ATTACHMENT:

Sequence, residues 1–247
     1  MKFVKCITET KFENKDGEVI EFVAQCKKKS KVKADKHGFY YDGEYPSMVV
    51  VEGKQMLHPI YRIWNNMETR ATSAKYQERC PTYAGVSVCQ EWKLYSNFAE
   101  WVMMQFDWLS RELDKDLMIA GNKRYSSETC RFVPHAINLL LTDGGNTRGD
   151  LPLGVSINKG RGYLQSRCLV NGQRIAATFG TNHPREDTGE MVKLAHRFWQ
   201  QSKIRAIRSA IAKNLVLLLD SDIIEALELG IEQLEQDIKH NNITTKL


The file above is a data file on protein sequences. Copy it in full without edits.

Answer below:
Sequence, residues 1–247
     1  MKFVKCITET KFENKDGEVI EFVAQCKKKS KVKADKHGFY YDGEYPSMVV
    51  VEGKQMLHPI YRIWNNMETR ATSAKYQERC PTYAGVSVCQ EWKLYSNFAE
   101  WVMMQFDWLS RELDKDLMIA GNKRYSSETC RFVPHAINLL LTDGGNTRGD
   151  LPLGVSINKG RGYLQSRCLV NGQRIAATFG TNHPREDTGE MVKLAHRFWQ
   201  QSKIRAIRSA IAKNLVLLLD SDIIEALELG IEQLEQDIKH NNITTKL